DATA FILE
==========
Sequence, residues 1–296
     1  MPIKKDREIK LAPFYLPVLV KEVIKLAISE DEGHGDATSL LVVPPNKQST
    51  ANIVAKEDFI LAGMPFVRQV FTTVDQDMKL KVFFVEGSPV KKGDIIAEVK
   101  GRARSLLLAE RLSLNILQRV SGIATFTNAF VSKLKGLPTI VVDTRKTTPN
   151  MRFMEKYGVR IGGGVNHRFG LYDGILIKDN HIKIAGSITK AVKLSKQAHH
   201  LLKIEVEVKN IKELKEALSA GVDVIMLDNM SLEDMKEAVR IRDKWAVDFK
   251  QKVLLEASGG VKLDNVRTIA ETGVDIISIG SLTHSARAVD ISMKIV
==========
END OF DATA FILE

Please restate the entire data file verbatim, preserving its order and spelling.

Sequence, residues 1–296
     1  MPIKKDREIK LAPFYLPVLV KEVIKLAISE DEGHGDATSL LVVPPNKQST
    51  ANIVAKEDFI LAGMPFVRQV FTTVDQDMKL KVFFVEGSPV KKGDIIAEVK
   101  GRARSLLLAE RLSLNILQRV SGIATFTNAF VSKLKGLPTI VVDTRKTTPN
   151  MRFMEKYGVR IGGGVNHRFG LYDGILIKDN HIKIAGSITK AVKLSKQAHH
   201  LLKIEVEVKN IKELKEALSA GVDVIMLDNM SLEDMKEAVR IRDKWAVDFK
   251  QKVLLEASGG VKLDNVRTIA ETGVDIISIG SLTHSARAVD ISMKIV